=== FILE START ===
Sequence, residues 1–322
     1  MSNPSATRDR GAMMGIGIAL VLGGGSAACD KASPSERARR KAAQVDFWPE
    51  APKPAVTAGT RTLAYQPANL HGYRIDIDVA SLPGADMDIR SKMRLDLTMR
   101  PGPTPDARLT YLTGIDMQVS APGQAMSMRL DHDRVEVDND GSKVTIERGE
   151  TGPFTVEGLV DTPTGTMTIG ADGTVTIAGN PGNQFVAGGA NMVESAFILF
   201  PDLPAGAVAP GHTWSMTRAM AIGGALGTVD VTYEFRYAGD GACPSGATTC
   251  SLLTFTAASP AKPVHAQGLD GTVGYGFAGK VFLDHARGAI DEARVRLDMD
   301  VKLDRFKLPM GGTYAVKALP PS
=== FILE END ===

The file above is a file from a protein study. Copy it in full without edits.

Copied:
Sequence, residues 1–322
     1  MSNPSATRDR GAMMGIGIAL VLGGGSAACD KASPSERARR KAAQVDFWPE
    51  APKPAVTAGT RTLAYQPANL HGYRIDIDVA SLPGADMDIR SKMRLDLTMR
   101  PGPTPDARLT YLTGIDMQVS APGQAMSMRL DHDRVEVDND GSKVTIERGE
   151  TGPFTVEGLV DTPTGTMTIG ADGTVTIAGN PGNQFVAGGA NMVESAFILF
   201  PDLPAGAVAP GHTWSMTRAM AIGGALGTVD VTYEFRYAGD GACPSGATTC
   251  SLLTFTAASP AKPVHAQGLD GTVGYGFAGK VFLDHARGAI DEARVRLDMD
   301  VKLDRFKLPM GGTYAVKALP PS